Rumor Control: Gen Y Consumers Are Still Interested in Autos

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After further research, auto brands’ biggest fears about Generation Y seem to be founded in developing realities: They aren’t as interested in cars per se as previous generations, and the ones who are can’t afford them as easily, according to new research by Deloitte.

But there’s also some good news for the car industry: Millennials haven’t given up on car ownership, and the more technology and alternative powertrains that companies employ in their vehicles, the more likely this demographic cohort is likely to find a way to buy them.

“Cars aren’t at the top of the list but they are on the list for Gen Y purchase consideration, at No. 3 or 4,” Tom Peyton, assistant vice president of national advertising for Honda, told brandchannel. That assumption is driving the new advertising campaign for Honda Civic that is aimed in large part at Millennials. “A lot of them still want a car. I’m not buying into the idea that it’s Armageddon for young buyers.”[more]

Craig Giffi, head of Deloitte’s automotive practice, said the survey showed that “well over half (61 percent) of Gen Y consumers in the Deloitte report expect to buy or lease a car within the next three years.” And 23 percent expect to purchase or lease in the next 12 months.

The most popular vehicles with Gen Y consumers provide connectivity and green energy. More than half want technology that entertains them while they are driving and 57 percent wish it were easier to customize a vehicle’s technology after purchase or lease—a challenge that auto brands are feverishly addressing these days.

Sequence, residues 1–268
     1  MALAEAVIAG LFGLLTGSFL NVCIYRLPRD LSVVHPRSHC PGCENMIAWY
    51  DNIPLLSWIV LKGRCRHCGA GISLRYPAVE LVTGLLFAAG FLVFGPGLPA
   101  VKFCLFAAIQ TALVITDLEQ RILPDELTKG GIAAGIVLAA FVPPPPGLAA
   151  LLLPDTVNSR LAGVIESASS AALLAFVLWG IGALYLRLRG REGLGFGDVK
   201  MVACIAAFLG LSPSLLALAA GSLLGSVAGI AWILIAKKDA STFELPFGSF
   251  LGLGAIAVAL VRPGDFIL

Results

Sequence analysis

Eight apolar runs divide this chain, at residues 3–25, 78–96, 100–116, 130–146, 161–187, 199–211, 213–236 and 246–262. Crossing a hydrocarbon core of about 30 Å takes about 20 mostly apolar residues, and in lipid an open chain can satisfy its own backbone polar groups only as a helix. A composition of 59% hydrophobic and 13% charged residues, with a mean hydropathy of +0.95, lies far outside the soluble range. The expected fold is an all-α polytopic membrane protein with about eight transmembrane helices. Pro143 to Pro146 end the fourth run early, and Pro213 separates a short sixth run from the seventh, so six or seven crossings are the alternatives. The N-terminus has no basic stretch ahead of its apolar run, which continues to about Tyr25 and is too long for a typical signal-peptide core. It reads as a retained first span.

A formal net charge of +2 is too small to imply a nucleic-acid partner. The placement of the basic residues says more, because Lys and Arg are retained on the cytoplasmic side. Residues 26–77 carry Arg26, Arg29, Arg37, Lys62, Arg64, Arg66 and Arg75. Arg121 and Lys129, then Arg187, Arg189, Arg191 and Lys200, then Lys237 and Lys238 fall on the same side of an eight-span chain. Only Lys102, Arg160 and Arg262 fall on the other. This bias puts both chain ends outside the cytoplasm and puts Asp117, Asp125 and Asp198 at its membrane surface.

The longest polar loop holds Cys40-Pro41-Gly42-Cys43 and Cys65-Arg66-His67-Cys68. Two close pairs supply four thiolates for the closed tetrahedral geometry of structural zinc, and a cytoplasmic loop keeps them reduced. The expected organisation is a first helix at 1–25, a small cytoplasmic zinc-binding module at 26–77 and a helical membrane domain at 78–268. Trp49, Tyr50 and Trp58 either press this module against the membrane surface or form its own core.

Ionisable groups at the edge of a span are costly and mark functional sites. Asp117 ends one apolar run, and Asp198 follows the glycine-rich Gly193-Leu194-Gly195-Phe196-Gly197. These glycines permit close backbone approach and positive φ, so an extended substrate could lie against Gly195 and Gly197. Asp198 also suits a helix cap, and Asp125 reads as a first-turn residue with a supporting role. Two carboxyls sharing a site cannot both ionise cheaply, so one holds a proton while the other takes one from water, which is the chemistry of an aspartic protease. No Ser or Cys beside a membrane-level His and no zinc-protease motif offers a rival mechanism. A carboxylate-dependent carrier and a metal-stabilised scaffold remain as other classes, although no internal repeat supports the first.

Also, about 59 percent think they will be driving an alternative-engine vehicle five years from now, with more than a quarter (27 percent) citing hybrid electrics as their preferred type of alternative propulsion. Contrary to the mythology that has sprung up around all-electric vehicles, only 7 percent said they’ll be driving them five years from now.

The study also did its part to pop some other myths about the nascent regime of “urban mobility” to which carmakers are paying a lot of attention. Despite the rising notion that Millennials don’t care about cars in part because they don’t mind using mass transit or sharing automotibles, the Deloitte study showed that only 29 percent of Gen Y consumers would be willing to give up their personal cars. “A mere 8 percent do not expect to ever purchase or lease a vehicle,” Giffi said.

The biggest obstacle to Millennial car ownership isn’t their own predilections but cost and their financial situations, which for many have been exacerbated by the low-growth American economy in which they’ve come to adulthood. About 80 percent of Gen Y consumers who don’t own or lease a vehicle right now cited cost as the main barrier, both purchase and operational. About two-thirds said their lifestyle needs now are met by walking or public transportation, while 40 percent said their lifestyle needs are met by car borrowing and car sharing.

And that leads to another reason for hope for carmakers about Generation Y: As the US economy presumably continues to recover, and this cohort forms more families and has more children, their resources and needs to buy vehicles—and bigger ones—will grow apace. A similar study conducted five years from now might find Millennials looking more and more like the automotive-ownership profile of their parents.

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